The DSM

The Diagnostic and Statistical Manual of Mental Disorders (DSM) is used by clinicians and psychiatrists to diagnose psychiatric conditions.

It originated in 1952 and has been updated frequently since. The current version is the DSM-5 which was released in 2013. The diagnostic manual contains more than 250 known disorders. There are some aspects which can cross over in terms of symptoms, and multiple diagnoses are often present.

The case study provided in step 2.7 Case Study will give you an overview of the DSM 5 and allow you to see how a diagnosis is made for a specific mental health issue.

Why we need a diagnostic manual

Classifications of mental health issues are needed in psychiatry, just as they are in medicine, to assist communication and provide a common language for clinicians about the nature and of problems, prognosis and treatment (Gross 2015). Even in this age of brain scans and genetic analysis, we lack the capability to diagnose a psychiatric condition with objective tests. Therefore, psychiatrists and clinicians depend on the symptoms reported by patients and their own observations to make a diagnosis. Clinicians can compare the patient’s symptoms with the standardised lists of symptoms and criteria compiled within diagnostic manuals such as the DSM-5 (Fitzgerald 2012).

Characteristics of the DSM-5

The DSM-5 was published in 2013 and has a symptom-based criteria that has been devised by expert committees and tested in studies to see how well they define distinct groups of patients. The evidence base for the criteria for any specific disorder will change over time. The DSM-5 is the most comprehensive revision so far.

The DSM-5 provides an important standardisation of diagnostic categories for psychiatric research and treatment. The use of standardised interview schedules and explicit diagnostic criteria has increased the reliability of diagnosis in more recent additions of the DSM. In the past there were substantial variations in the way certain diagnoses were applied. This made clinical diagnosis inconsistent and substantial advances in psychiatric research impossible.

In an effort to improve the quality of diagnosis and care of people from all backgrounds (Gross 2015) the DSM-5 has included greater cultural sensitivity but this still requires some revision.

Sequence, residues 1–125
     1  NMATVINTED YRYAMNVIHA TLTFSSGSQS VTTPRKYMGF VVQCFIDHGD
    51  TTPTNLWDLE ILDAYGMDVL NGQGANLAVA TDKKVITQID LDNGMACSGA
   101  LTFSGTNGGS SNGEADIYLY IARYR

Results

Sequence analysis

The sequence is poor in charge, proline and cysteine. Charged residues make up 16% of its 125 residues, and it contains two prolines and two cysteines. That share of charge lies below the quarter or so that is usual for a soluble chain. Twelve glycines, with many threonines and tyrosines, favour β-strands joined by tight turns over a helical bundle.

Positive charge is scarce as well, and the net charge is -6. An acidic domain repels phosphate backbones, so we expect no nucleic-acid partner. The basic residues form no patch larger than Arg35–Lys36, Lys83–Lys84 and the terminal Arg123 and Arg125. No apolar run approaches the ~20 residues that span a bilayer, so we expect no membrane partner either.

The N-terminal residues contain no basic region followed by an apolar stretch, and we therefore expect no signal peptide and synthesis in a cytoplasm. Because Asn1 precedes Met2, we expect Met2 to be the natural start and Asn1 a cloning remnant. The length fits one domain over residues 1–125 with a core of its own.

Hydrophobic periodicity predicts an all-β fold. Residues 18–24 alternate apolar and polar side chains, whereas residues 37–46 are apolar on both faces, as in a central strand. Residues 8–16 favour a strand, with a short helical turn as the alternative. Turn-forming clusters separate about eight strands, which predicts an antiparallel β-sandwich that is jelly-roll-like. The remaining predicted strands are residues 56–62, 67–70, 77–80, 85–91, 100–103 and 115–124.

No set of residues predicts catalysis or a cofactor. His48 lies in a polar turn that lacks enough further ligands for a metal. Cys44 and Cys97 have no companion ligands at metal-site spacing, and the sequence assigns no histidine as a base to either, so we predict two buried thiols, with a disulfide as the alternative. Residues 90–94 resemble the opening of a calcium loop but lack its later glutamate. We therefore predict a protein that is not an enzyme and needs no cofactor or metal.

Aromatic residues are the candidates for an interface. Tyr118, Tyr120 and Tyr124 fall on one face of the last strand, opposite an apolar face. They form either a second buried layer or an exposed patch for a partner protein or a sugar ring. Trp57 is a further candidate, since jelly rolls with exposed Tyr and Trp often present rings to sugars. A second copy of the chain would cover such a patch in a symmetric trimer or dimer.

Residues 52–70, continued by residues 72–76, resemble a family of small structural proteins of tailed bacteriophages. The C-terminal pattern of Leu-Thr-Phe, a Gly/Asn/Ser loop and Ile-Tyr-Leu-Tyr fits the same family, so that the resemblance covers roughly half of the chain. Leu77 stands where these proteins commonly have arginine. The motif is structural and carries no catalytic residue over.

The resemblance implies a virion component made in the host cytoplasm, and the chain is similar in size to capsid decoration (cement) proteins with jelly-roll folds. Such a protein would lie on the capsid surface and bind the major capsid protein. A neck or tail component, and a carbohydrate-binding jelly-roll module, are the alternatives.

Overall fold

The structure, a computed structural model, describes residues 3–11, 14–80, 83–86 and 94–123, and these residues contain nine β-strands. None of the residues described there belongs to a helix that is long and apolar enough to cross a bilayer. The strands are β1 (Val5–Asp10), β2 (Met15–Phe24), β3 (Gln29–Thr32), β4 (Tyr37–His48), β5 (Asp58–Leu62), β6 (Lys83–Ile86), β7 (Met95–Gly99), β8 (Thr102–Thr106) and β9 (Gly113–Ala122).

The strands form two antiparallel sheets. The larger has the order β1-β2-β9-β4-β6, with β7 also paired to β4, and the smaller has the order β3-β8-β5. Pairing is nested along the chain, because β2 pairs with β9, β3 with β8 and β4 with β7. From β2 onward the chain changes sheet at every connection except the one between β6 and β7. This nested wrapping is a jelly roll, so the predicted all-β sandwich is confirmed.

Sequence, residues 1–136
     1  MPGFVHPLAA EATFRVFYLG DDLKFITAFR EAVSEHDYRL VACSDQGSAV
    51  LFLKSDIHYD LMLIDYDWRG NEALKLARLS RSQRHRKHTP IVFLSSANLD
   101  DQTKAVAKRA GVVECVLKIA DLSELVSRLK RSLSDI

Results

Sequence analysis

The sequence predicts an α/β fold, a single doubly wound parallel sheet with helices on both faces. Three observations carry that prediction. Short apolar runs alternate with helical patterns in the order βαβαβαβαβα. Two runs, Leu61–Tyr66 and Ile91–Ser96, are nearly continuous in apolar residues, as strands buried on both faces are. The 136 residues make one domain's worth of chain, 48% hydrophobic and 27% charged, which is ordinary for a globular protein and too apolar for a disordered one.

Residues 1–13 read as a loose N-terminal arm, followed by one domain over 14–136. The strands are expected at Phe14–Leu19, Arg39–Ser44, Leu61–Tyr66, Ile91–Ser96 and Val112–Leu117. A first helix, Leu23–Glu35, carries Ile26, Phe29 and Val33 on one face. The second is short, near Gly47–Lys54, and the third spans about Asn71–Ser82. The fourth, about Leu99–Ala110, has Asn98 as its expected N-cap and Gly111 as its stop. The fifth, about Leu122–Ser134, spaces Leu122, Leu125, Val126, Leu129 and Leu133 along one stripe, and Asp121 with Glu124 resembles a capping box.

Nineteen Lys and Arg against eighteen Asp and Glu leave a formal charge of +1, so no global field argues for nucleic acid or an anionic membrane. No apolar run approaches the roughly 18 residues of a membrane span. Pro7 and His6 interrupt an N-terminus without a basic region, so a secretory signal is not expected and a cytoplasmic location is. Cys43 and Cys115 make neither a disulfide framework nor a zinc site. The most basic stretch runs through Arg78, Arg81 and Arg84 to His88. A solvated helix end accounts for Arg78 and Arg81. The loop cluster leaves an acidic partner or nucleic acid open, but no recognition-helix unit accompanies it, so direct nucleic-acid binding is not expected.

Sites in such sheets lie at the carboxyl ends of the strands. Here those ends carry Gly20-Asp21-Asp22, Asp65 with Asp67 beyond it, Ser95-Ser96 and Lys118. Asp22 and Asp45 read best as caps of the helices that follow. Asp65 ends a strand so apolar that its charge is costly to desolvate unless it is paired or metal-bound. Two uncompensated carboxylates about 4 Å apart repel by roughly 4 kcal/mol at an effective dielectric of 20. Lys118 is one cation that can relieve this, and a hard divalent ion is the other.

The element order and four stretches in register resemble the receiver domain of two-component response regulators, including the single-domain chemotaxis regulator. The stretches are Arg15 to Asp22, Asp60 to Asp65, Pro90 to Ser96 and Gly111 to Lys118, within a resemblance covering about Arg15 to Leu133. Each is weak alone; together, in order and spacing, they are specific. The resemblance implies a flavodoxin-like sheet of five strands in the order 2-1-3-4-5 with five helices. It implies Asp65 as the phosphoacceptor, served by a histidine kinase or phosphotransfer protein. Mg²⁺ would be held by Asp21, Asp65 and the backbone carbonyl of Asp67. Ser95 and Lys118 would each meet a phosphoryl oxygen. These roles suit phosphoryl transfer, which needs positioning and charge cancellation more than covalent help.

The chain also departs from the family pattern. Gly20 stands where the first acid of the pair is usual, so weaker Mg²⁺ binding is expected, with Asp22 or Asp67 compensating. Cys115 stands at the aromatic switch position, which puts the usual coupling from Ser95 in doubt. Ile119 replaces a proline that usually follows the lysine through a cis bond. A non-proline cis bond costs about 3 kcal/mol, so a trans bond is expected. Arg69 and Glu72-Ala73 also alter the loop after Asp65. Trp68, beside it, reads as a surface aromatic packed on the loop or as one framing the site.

Why the DSM-5 is controversial

Classification systems of mental health disorders strive to be objective and reliable but in reality often fall short of this (Davey 2017). The DSM does not classify according to the causes of the mental health issue, but rather to the symptoms that a patient may present. This can be misleading, and encourage mental health disorders that look the same on the surface to be misdiagnosed, which can impact on the treatment that is subsequently given to the patient.

Additionally, the DSM gives labels to people based on a set of symptoms without the explanation of the cause. The label of a mental health issue can be extremely stigmatising and harmful. People are often treated differently in society once they have a label of a mental disorder and the impact of this can extend to many areas of their lives. Furthermore, it has been found that people do tend to adopt a diagnostic label whereas individuals who reject the label have a better rate of recovery (Davey 2017).

The DSM is controversial because although there are defined categories of disorders within it, many of these commonly co-occur. This is termed comorbidity and individuals who are diagnosed with two or more distinct disorders is the norm rather than the exception. This in turn makes a case for hybrid disorders that contain elements of a number of different disorders rather than distinct disorders as the DSM suggests.

In spite of all the conceptual difficulties associated with the DSM and the many criticisms, it is still the most extensively used classification and diagnostic system for mental health disorders.

Your task

  • ‘In spite of all its shortcomings, the DSM-5 s still a very useful tool for treating people living with mental health issues’. How far do you agree with this point of view?

Post your thoughts in the comments area.


References

Davey, G.,C. (2017) Psychopathology. 2nd edn. Chichester: Wiley

Fitzgerald, P. (2012) ‘Explainer: What is the DSM and How are Mental Disorders Diagnosed?’ The Conversation [Online]. available from http://theconversation.com/explainer-what-is-the-dsm-and-how-are-mental-disorders-diagnosed-9568 [16th November 2018]

Gross, R. (2015) Psychology: The Science of Mind and Behaviour. 7th edn. London: Hodder Education

Further reading

American Psychiatric Association (2013) Diagnostic and Statistical Manual of Mental Disorders DSM-5.® (2013) 5th edn. Arlignton Va: APA

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This article is from the free online course:

Defining Mental Health: A Short Introduction

Coventry University